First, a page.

About European Stroke Organisation (ESO)
The European Stroke Organisation (ESO) is a pan-European society of stroke researchers and physicians, national and regional stroke societies and lay organisations that was founded in December 2007. The ESO is an NGO comprised of individual and organisational members. The aim of the ESO is to reduce burden of stroke by changing the way that stroke is viewed and treated. This can only be achieved by professional and public education, and by making institutional changes. ESO serves as the voice of stroke in Europe, harmonising stroke management across the whole of Europe and taking action to reduce the burden of stroke regionally and globally.
The Mission of the ESO
The mission of the ESO is to reduce the burden of stroke. ESO aims to improve stroke care by providing medical education to healthcare professionals and the lay public. By offering best practice approaches, the ESO’s goal is to harmonise stroke management in Europe. ESO works as the voice of stroke in Europe to bring about political change. The ESO focuses on European level projects while working toward global solutions. The ESO is dedicated to the following purposes:
- To promote awareness, management, teaching and research in all aspects of stroke;
- To develop and promote public policies to reduce the number of deaths by stroke and to improve the care of stroke victims and the quality of life of stroke victims.
- To reduce the burden of stroke throughout Europe
- To develop and promote professional and public education;
- To develop and promote other appropriate activities such as fundraising and prevention programs;
- To develop, promote, and coordinate international teaching programs through national/regional organisations;
- To advise and guide on fundraising skills in order to enable national foundations and societies to finance a greater level and range of activities;
- To foster the development of an international communications system by encouraging the regional activities of organisations, stroke networks, foundations and organisations, as they operate within the goals and objectives of the organisation.
Dr. Bart van der Worp
Bart van der Worp is a neurologist with a special interest in cerebrovascular diseases at the University Medical Center in Utrecht, the Netherlands. He has been (co-)Chief Investigator of the randomised clinical trials HAMLET, PAIS, COOLIST, and VAST and is (co-)Chief Investigator of PRECIOUS (www.precious-trial.eu), APACHE-AF (www.apache-af.nl), and MR ASAP (www.mrasap.nl).
Prof. Martin Dichgans
Martin Dichgans is a Professor of Neurology at Ludwig-Maximilians-Universität, LMU (Munich, Germany). He is the Founding Director of the Institute for Stroke and Dementia Research, Director of the Interdisciplinary Stroke Center Munich, and on the Board of Directors of the DFG funded Excellence cluster ‘Munich Cluster for Systems Neurology (SyNergy)’.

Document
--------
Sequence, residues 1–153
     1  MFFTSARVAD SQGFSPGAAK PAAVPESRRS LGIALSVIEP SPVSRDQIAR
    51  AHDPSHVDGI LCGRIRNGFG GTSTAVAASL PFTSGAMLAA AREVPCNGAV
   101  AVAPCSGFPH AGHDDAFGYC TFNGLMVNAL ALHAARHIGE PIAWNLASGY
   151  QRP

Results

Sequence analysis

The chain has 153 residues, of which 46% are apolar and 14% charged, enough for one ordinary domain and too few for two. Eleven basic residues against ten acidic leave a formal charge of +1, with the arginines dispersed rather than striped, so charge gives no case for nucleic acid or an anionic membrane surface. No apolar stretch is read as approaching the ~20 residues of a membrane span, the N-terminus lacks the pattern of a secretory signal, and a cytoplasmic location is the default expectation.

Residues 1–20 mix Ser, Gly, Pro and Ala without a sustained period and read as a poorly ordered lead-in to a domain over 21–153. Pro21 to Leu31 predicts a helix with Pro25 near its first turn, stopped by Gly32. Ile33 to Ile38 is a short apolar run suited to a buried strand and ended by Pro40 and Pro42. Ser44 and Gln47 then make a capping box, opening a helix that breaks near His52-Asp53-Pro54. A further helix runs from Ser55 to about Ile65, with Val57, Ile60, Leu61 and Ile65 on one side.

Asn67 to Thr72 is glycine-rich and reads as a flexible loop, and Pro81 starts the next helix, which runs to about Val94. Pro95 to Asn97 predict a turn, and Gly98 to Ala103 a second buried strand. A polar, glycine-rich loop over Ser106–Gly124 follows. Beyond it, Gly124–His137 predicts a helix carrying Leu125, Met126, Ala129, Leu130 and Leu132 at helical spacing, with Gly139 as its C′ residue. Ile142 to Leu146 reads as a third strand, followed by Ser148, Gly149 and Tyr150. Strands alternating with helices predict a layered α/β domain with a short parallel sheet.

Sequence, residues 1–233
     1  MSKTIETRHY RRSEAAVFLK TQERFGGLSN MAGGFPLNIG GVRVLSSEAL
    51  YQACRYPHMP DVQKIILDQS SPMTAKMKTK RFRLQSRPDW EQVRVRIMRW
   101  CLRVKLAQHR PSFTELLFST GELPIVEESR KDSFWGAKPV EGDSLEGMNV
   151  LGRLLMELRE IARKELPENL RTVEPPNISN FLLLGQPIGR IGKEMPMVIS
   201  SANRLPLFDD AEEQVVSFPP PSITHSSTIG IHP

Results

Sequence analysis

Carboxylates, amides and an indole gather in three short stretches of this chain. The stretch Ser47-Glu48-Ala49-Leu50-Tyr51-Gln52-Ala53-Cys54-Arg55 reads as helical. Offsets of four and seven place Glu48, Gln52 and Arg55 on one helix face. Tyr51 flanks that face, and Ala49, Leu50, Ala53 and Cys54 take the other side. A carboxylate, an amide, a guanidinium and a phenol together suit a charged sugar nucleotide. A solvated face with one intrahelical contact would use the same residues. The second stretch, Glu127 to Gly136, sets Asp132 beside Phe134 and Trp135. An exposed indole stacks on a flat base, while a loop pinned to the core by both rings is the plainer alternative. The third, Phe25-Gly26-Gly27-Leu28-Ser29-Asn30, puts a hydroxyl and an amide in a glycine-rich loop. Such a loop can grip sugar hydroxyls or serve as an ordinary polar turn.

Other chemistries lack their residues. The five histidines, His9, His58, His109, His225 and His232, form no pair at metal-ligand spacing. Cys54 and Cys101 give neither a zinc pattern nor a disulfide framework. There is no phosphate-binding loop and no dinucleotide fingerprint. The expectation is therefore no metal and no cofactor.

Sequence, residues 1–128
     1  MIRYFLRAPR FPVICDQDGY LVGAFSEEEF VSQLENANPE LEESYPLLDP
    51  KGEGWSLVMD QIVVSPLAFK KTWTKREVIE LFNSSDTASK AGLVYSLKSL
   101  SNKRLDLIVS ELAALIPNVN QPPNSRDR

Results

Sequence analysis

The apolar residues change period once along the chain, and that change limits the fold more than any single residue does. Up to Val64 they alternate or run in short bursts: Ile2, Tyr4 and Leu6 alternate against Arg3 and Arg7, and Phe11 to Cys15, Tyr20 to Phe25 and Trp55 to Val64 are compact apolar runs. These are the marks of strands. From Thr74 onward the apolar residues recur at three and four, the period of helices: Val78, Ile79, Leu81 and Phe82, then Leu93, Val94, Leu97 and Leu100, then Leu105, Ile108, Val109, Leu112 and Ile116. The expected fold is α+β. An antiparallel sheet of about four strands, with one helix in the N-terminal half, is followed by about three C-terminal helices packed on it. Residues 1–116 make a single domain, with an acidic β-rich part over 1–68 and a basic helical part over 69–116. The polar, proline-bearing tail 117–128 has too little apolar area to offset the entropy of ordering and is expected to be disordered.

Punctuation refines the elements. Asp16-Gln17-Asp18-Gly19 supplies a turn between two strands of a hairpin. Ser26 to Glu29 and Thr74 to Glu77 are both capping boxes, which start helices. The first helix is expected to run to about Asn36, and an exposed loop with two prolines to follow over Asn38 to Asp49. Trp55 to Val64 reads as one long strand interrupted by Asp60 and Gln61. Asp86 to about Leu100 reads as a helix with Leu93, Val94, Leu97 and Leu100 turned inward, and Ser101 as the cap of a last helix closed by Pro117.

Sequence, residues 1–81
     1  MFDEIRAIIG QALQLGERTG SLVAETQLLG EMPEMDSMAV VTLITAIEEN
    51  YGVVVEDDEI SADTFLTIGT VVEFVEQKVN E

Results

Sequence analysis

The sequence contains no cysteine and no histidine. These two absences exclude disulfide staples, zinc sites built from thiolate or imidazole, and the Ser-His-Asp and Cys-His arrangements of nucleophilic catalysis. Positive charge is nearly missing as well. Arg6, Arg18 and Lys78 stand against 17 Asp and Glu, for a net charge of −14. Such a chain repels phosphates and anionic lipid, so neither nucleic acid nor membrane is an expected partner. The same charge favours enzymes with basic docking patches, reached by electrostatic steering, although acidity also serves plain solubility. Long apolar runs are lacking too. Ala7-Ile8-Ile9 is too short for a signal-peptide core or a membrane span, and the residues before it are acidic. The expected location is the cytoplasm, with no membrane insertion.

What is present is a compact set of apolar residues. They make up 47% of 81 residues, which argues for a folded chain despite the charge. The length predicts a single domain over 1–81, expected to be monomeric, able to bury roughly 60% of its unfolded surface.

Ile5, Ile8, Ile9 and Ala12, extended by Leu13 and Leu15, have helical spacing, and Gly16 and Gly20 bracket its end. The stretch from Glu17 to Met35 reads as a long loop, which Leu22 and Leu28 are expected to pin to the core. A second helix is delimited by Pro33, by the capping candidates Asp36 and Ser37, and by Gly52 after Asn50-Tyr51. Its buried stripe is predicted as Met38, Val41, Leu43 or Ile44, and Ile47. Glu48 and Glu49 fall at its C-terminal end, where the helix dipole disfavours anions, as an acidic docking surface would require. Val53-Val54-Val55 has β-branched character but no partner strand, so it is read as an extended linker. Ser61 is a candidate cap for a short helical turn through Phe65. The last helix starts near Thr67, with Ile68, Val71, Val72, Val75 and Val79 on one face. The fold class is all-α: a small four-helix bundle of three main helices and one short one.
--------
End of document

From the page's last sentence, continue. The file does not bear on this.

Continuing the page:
Dr. Else Charlotte Sandset
Else Charlotte Sandset graduated as a medical doctor from the Royal College of Surgeons in Ireland in 2006, achieved her PhD from the University of Oslo in Norway in 2012, and completed a year as visiting fellow at the George Institute for Global Health in Sydney, Australia in 2016.
Prof. Valeria Caso
Board of Directors
Diana Aguiar de Sousa
Rustam Al-Shahi Salman
Katharina Stibrant Sunnerhagen
Council of Fellows
Prof. Gary A. Ford
Chair of the Council of Fellows
Gary Ford, FRCP, CBE, FMedSci is Consultant Stroke Physician at the John Radcliffe Hospital, Chief Executive Officer of the Oxford Academic Health Science Network and Visiting Professor of Clinical Pharmacology at Oxford University; he has been a FESO since 2005.
He was Director of the NIHR Stroke Research Network in the UK from 2005-14 and prior member of the Board of Directors of ESO. He is Chief Executive Officer of the Oxford Academic Health Science Network, a regional health partnership established to spread innovation to improve health and generate economic growth.
He is a consultant stroke physician at the John Radcliffe Hospital in Oxford. His research interests are pre-hospital diagnosis of stroke, optimal service organisation to deliver hyper acute stroke therapies and effect of age on response to stroke treatments. He developed the FAST and ROISER scales and has published over 250 peer reviewed articles.
Prof. Kennedy R. Lees
Institute of Cardiovascular & Medical Sciences, Glasgow, United Kingdom (appointed in 2019)
Prof. Werner Hacke
Universitätsklinikum Heidelberg, Heidelberg, Germamy (appointed in 2012)
Prof. Markku Kaste
Helsinki University Central Hospital University of Helsinki Helsinki, Finland (appointed 2013)
Prof. Didier Leys
University of Lille Lille, France (appointed 2014)
Prof. Michael Brainin
Donau University Krems, Austria (appointed 2016)
Prof. Heinrich Mattle
Inselspital Bern, Switzerland (appointed 2018)
ESO Awards Selection Committee
Head of Association Management
Association Services Manager
Head of Registration
Association Services Coordinator
Senior Association Services Consultant
History of the European Stroke Organisation (ESO)
ESO has successfully continued the projects of the EUSI and ESC and introduced new activities. In 2014, the ESO first co-hosted the bi-annual ESO-Karolinska Stroke Update Conference. In 2015, ESO hosted its first annual conference, the European Stroke Organisation Conference (ESOC). After only 2 years, the ESOC has become the premiere event for stroke education and networking in Europe. In 2016, ESO launched the European Stroke Journal (ESJ) as the official scientific journal of the organisation.
Bylaws and Statues
The articles of association of the European Stroke Organisation (ESO) are available in PDF below.